Caltrans had originally said that a tunnel would be too costly, but an independent study in 1996 showed that the tunnel was “reasonable and feasible.” In November of 1996, 74 percent of the voters of San Mateo County approved an initiative that stated a tunnel was the only permissible repair alternative to Devil’s Slide.
Construction began in 2007. The tunnels are over three-quarters of a mile long, with a total of 32 ventilation fans. The project’s cost of $439 million was fully funded with Federal Emergency Relief money, secured by U.S. Representative Tom Lantos, the tunnel’s namesake.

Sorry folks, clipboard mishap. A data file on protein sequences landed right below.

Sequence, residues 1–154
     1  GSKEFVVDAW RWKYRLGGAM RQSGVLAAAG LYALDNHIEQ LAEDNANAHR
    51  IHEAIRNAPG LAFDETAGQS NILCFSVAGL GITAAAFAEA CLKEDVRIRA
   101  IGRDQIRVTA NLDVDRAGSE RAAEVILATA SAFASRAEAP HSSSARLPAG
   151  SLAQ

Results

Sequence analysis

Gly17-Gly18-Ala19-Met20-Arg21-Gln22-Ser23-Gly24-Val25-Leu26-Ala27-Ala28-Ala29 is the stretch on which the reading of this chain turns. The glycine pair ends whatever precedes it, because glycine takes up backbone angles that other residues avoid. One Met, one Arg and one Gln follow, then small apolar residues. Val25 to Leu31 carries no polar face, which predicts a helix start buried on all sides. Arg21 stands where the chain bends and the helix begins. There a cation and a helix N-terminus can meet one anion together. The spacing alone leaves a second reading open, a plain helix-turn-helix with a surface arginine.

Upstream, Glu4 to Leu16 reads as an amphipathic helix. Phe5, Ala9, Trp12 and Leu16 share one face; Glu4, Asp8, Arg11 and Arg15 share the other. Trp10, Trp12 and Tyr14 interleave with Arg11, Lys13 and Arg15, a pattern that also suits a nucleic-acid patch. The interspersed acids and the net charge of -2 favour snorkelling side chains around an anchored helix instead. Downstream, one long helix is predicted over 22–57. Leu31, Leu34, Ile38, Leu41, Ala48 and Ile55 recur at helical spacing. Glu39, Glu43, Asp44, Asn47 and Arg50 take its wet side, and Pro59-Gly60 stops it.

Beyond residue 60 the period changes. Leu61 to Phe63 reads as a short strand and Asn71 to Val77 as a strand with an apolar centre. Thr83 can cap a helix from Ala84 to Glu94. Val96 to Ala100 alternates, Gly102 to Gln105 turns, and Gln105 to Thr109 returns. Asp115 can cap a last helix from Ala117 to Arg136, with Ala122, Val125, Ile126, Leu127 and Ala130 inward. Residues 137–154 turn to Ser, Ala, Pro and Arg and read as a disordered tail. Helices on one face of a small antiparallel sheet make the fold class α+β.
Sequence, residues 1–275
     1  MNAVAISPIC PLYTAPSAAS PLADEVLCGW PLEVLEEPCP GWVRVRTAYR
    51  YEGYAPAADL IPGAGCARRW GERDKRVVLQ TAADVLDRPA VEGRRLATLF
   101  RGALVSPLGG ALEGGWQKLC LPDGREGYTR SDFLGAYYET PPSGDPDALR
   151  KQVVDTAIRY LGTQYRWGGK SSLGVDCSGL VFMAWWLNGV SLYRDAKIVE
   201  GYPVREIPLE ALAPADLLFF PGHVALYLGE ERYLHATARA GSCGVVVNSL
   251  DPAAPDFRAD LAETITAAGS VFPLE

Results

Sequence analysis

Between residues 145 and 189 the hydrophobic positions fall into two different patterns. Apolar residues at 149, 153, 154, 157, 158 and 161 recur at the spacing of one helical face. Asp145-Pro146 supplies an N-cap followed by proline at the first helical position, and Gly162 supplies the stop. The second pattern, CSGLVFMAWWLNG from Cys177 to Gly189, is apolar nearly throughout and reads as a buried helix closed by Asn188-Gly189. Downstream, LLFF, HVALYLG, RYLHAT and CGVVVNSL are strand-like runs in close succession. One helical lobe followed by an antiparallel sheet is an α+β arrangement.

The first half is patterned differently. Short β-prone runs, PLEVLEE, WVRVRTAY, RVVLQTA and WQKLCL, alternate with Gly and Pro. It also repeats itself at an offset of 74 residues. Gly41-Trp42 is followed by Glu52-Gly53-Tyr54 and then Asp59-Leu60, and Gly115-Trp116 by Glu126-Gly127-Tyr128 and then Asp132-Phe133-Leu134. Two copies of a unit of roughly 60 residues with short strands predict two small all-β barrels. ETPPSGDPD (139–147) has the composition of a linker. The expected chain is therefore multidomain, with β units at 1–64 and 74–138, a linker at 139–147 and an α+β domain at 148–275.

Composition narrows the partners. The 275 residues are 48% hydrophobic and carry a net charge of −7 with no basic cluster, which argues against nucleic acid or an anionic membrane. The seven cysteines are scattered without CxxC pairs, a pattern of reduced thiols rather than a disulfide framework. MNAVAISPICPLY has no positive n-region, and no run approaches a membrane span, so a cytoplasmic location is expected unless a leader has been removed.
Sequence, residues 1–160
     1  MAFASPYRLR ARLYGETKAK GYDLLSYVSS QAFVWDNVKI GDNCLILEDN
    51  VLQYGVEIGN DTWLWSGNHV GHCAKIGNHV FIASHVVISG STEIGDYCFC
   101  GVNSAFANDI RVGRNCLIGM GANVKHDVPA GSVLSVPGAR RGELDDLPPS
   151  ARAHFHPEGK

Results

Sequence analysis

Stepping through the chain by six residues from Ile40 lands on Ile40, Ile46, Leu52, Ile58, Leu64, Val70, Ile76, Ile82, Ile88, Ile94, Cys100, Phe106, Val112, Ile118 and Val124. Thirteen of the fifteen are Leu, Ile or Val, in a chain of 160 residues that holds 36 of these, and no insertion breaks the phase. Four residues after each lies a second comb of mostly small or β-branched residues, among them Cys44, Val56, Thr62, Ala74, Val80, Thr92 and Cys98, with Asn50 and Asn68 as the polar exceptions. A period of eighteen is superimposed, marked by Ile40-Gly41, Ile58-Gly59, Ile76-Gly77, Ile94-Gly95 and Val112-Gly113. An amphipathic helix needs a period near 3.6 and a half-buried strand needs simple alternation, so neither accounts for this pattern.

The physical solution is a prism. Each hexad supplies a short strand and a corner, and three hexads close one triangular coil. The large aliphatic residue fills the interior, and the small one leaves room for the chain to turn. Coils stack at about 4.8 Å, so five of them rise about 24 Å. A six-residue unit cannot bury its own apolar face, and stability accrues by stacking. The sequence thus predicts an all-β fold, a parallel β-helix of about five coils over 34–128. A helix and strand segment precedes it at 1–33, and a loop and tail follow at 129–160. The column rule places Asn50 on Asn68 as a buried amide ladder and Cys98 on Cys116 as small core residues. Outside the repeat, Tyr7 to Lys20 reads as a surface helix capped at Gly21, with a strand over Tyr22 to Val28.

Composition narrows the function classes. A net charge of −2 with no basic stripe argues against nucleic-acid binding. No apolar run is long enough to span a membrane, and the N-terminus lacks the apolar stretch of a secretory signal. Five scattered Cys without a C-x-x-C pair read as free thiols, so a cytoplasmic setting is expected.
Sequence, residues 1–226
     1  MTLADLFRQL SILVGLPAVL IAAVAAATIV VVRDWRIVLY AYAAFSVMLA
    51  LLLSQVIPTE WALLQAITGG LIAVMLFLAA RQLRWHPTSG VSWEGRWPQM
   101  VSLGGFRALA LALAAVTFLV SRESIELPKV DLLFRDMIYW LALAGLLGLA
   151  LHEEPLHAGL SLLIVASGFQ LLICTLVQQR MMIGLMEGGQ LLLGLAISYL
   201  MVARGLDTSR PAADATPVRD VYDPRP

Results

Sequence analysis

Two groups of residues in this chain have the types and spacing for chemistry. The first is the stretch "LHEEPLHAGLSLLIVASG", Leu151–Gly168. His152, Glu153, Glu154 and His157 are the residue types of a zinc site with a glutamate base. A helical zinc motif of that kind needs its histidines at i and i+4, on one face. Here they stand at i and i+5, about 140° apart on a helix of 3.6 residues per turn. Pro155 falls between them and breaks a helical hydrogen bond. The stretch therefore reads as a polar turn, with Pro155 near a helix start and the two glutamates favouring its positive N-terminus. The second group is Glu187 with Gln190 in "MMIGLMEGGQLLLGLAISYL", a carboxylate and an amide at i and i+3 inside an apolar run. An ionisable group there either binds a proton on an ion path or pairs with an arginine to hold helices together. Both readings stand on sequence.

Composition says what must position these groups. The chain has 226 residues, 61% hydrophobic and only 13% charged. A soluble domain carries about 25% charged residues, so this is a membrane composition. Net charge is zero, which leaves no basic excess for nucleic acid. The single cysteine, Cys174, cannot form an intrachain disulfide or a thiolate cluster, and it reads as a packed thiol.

In a press release, Brian Kelly, the acting secretary of California’s Business, Transportation and Housing Agency, praised Caltrans and the other groups that worked to make the tunnels a reality.
“Ingenuity, will, and perseverance combined to get this project done. The new tunnels are state of the art structures that blend well into the beautiful, natural surroundings on this stretch of Highway 1,” he said. “Thanks to the work of the men and women who dedicated themselves to completing this project, motorists and emergency responders will have a safer journey from this day forward.”
Friday, March 01, 2013
By Jim O'Grady
(New York, NY - WNYC) It happens at the stroke of midnight on Saturday: fares go up for riders of subways, buses and express buses in and around New York City, and for drivers who use the NY Metropolitan Authority's eight bridges and tunnels. Fares also jumped for riders of the authority's commuter trains.